Return of a Trad Blogger

Heavy Tweed Jacket is back, and not a moment too soon, as The Long-Suffering Trad has folded his LL Bean tent.

These blogs are fun to read and allow for a more individual slant on the Ivy Look than can really be accomplished on the message boards.

So please keep clicking - we all really want that $3.69 check from Google.

Tuesday, September 16, 2008


Many of you (well, two) have asked, "Where is the incisive NFL commentary plus the mediocre against-the-spread picks?"

I am not going to even think about pro football until after the World Series.

I find, increasingly, that all televised sports irritate me. The hype and crapola quotient is alarmingly high, and I am tired of it.

Plus, living here in the Northwest Corner, I have to listen to sour grapes from Yankee fans, and lousy sportsmanship from Red Sox fans, who are now just Yankee fans with different accents and hats.

So we'll pick it up around Week Five or Six, if anybody still cares.


I don't have a happy history with blue jeans. They don't fit me.

And I have tried.

Until recently I usually had a good-sized gut, and continue to be spectacularly shortchanged in the fanny department. So wearing trousers of any kind that sit on the hips was just not going to be aesthetically pleasing.

But now that I am holding at 160 pounds, and improving slowly but steadily via running, sit-ups and a pretty good diet, I thought I would give the jeans wheeze another whirl.

Dressy casual is tricky to me. I am wary of looking like the clothing equivalent of a mullet haircut - business and party combined.

The skinny: Levis regular fit (with a zipper, I am not going to fiddle around with buttons, thanks); Ralph of Long Island oxford cloth buttondown in the coveted peach color (via eBay); J. Press tweed jacket from a guy at Ask Andy; pocket square from Sam Hober; watch strap from Central Watch; Dressabout chocolate nubuck shoes and Gold Toe argyles from the fine folks at J.C. Penney.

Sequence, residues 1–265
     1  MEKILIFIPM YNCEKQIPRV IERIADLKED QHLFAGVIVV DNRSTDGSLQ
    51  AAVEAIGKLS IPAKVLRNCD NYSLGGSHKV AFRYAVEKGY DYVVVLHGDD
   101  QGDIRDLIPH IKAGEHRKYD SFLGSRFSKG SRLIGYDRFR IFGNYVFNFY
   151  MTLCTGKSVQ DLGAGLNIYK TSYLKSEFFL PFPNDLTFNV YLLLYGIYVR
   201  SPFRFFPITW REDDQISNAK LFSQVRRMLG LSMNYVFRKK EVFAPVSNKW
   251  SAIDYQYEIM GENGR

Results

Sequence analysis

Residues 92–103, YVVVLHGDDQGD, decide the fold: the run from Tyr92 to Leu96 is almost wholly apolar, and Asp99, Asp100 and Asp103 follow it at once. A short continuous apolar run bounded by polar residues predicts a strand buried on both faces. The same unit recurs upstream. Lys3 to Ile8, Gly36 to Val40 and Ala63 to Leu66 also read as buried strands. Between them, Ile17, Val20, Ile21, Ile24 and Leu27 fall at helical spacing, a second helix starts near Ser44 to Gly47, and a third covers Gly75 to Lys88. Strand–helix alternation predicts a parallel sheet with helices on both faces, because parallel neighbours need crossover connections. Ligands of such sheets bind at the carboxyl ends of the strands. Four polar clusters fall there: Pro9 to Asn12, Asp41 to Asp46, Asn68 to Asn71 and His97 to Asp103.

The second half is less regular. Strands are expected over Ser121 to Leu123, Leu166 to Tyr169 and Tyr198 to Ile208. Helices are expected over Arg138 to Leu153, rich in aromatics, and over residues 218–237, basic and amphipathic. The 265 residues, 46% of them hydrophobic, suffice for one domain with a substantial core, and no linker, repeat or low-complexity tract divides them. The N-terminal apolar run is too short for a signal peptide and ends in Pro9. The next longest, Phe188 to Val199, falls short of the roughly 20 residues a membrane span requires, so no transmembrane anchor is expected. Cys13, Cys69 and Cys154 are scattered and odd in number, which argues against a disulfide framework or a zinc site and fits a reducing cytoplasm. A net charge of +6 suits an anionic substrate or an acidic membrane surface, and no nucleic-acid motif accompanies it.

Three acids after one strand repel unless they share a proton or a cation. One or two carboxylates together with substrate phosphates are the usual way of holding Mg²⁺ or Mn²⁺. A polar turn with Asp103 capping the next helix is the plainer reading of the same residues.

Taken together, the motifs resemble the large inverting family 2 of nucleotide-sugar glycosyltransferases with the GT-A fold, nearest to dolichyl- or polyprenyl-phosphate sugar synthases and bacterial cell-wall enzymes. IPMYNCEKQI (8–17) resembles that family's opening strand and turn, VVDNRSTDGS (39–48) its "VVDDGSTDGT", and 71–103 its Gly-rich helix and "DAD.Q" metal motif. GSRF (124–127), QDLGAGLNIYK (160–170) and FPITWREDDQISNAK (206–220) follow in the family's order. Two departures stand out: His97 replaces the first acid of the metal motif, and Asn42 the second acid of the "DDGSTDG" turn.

Monday, September 15, 2008

Zombie Time

I am having a hell of a time getting off the Zombie schedule.

When I toiled at Space Camp from 4 p.m. to midnight, Tuesday through Saturday, I rarely hit the sack before 3 a.m., so heebied were my jeebies.

Instead of making a calming cup of chamomile tea and reading something intensely significant (read: boring) I would smoke four cigars and watch proto- exploitation films from the 1930s with titles like "Sex Madness" and "Cocaine Fiends."

So I have been trying to go to bed and get up at regular times, but here I am again, after 11 p.m., fiddling around on the computer.

I was up and about for a 7 a.m. gig with some friends, however. It's a regular weekday event and it will fit into my new schedule.

Here is Zombie Time Adjustment Trad Style:

The skinny: LE oxford cloth buttondown shirt (one of the averaged sleeve size shirts from Sears); LE chinos; Clark's desert boots (again)

Sunday, September 14, 2008


For those of you with far too much free time, Despair has a nifty little service where you can create motivational posters, and even order copies of them if they are especially brilliant.

Aspiration Exasperation

The men's clothing message boards occasionally get bogged down in what has to be the World's Stupidest Argument - one that is so dumb it can't even be defined adequately.

But here goes:

Do the guys who make a point of dressing as Trads (substitute Ivy, TNSIL, etc.) refer back to a mythical Golden Age, when men wore sacks, women stayed home and we were keeping the Commies at bay? Is a buttondown collar a sign of someone who is already in the country club, or of an aspirant? Does a 3-2 roll on the lapel guarantee goodness and decency on the part of the wearer?

And is anybody else as tired of this crap as I am?

So here's my last word on the subject:

Thanks to despair.com

Friday, September 12, 2008

MIA Style

Stands for "Massive Ivy Attack."

Got a new gig at the same old, the newspaper that is, but a more interesting beat, a little more money and a whole 'nother attitude.

I was trying, on this grey, muggy but slightly cool day, with the threat of rain looming, to mix up summer and fall elements. You tell me if I succeeded.

Thursday, September 11, 2008

The Great Loafer Hunt Marches On

"Hello, J.P.? Lissen, you tell those dumb bastids I won't take a goddamn nickel under the original offer!"

As if I didn't have anything better to do, such as find a job, I recently received two full strap loafers.

First up, a pair of seconds from Footjoy via an outfit called Golf Locker. Get on their email list, because every so often they have scads of Footjoy leather-soled dress shoes - seconds at around $120 and allegedly blemished shoes for around $90. A wide range of sizes and widths, too.

And hey - they are made in the USA. I think they give Allen Edmonds a run for the money, and even at full whack ($250 or so) beat the bejeesus out of poor old Johnston & Murphy, RIP.